Monday, October 7, 2013
Hussman Weekly Market Comment: When Economic Data Is Worse Than Useless
“Errors using inadequate data are much less than those using no data at all.” – Charles Babbage
“The greatest enemy of knowledge is not ignorance, it is the illusion of knowledge.” – Stephen Hawking
“If we have data, let’s look at data. If all we have are opinions, let’s go with mine.” – Jim Barksdale
I spend a large fraction of my waking hours working with numbers, particularly given that we follow a ruthless discipline of evidence-based investing. Generally speaking, I agree with Babbage that even inadequate (what I would call “noisy”) data leaves one less prone to error than using no data at all. One of our key activities around here, in fact, is noise-reduction. A sufficient amount of noisy data can still produce a clean or at least useful signal.
Still, numbers and data are only the workhorses of thought and insight, and an important part of data analysis to attend to any breakdown in relationships. During the 2000-2002 market plunge, and again in 2007-2009, investors who believed that one should always “follow the Fed” got their heads handed to them, as the market lost half of its value in both instances, despite persistent and aggressive Fed easing. Models that were too dependent on interest-rate trends fared particularly badly, as plunging interest rates did nothing to support stock prices. So while Babbage is correct to favor noisy data over none at all, Hawking is also correct, essentially warning us to constantly question what we believe to be true. From an analytical perspective, it’s helpful to pay attention to the “data-generating process” – looking carefully at the real-world mechanisms and interactions that
the data, in order to understand what is driving the numbers being observed.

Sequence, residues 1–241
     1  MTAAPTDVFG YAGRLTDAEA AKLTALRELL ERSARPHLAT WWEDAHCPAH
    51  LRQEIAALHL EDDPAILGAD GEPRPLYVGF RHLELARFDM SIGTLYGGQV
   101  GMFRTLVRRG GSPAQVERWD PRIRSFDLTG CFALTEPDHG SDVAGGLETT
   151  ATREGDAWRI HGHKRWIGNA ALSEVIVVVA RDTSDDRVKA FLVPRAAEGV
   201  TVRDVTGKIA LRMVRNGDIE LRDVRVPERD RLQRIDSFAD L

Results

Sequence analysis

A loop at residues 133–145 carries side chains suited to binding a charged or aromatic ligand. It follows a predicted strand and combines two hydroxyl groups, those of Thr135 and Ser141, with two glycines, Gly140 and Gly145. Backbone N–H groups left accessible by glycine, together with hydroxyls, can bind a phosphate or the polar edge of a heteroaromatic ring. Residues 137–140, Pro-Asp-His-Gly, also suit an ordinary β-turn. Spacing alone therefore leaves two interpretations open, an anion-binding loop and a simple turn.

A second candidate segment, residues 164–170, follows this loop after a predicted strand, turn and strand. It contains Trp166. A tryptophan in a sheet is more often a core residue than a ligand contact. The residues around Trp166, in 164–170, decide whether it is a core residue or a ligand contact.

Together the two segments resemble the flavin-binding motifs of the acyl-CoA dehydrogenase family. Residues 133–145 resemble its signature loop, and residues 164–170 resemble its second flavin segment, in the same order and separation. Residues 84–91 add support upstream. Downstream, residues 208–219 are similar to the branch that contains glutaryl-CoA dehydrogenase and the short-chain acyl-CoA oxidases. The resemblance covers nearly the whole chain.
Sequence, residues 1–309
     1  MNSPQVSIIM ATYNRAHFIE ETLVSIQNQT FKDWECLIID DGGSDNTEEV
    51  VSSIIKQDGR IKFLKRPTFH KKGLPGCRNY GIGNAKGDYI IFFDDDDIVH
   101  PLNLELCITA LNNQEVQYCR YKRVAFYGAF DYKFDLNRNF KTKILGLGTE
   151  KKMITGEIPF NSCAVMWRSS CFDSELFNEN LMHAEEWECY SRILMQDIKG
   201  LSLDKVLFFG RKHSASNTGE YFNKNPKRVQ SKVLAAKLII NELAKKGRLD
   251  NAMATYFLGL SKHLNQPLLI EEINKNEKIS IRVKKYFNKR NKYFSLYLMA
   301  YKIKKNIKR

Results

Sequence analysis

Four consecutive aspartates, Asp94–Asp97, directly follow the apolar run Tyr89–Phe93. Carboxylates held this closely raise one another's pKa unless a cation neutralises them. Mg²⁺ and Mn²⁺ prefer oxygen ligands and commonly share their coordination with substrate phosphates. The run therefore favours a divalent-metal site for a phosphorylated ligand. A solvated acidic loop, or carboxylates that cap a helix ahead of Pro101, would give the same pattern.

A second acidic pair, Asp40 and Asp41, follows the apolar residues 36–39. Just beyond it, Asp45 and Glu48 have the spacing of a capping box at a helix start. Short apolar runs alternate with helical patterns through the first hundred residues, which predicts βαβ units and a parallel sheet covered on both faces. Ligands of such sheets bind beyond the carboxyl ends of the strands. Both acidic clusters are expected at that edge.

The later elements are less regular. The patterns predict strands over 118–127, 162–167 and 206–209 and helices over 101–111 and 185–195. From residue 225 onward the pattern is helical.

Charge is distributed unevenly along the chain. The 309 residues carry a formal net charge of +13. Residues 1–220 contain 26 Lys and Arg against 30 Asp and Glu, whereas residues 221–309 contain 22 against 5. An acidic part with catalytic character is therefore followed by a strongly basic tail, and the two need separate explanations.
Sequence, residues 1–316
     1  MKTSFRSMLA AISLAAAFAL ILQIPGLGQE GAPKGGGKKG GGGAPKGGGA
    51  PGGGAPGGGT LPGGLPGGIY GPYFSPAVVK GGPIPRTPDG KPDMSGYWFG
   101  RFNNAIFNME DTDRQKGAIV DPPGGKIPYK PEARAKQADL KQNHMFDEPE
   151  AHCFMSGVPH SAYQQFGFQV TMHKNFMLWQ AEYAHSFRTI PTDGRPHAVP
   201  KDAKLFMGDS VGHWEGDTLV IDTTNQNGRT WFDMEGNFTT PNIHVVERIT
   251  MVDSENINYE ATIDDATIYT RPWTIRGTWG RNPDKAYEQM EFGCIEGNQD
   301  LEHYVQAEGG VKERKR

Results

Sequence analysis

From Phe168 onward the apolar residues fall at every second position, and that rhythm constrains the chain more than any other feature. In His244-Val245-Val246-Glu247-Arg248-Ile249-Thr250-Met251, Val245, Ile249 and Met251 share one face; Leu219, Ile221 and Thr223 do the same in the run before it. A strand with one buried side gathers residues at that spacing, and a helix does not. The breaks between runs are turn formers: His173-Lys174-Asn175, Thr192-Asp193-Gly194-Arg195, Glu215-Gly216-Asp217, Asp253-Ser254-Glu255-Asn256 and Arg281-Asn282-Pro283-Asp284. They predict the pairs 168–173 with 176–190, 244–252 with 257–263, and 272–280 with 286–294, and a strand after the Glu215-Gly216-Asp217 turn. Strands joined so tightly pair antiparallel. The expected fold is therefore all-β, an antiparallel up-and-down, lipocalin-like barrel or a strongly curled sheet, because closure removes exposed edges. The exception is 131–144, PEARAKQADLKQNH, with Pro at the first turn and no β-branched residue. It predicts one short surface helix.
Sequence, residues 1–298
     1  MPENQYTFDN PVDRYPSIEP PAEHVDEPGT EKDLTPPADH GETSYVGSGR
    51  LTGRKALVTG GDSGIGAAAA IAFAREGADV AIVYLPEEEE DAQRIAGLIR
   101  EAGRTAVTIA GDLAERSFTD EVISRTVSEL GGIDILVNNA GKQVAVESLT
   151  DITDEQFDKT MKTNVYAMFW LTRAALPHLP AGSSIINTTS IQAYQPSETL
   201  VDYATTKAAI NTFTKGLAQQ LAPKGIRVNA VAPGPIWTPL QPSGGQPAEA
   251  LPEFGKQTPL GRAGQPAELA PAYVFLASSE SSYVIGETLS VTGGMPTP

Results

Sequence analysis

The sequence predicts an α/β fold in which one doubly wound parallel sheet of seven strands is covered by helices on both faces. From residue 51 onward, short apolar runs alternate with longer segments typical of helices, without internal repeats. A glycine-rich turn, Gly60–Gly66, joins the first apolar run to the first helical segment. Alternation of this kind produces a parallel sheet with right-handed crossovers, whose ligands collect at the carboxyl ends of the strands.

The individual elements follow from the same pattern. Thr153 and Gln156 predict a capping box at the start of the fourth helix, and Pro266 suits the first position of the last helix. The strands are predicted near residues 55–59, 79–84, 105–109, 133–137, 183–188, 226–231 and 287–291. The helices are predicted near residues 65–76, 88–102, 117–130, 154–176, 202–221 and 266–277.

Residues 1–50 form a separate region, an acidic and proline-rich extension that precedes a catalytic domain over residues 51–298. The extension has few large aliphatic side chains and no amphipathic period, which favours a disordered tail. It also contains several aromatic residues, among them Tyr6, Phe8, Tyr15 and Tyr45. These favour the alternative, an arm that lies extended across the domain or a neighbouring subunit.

Analysis of the data-generating process is one of the reasons that I’m convinced that quantitative easing will end in tears. Any economic policy achieves its effect basically by removing some constraint on the economy that was previously “binding” – holding the economy back in some way. If you look at QE, it should be clear that adding another trillion dollars of idle reserves will not relieve any constraint that is not already relieved by the trillions of idle reserves
in the banking system. QE basically has its effect on financial markets by forcing
to hold the zero-interest cash that the Fed has created, which makes them uncomfortable and leads to a game of “hot potato” as each cash holder seeks higher-yielding alternatives. That, in turn, drives up the prices and drives down the yields on those alternatives (primarily stocks) until someone is finally indifferent between holding zero-interest cash and chasing overvalued stocks. QE may not have any durable effects on the real economy beyond short-lived can kicks, but the impact of QE on financial distortion is cumulative. The harder the Fed pushes on the string, the larger the attached bubble becomes.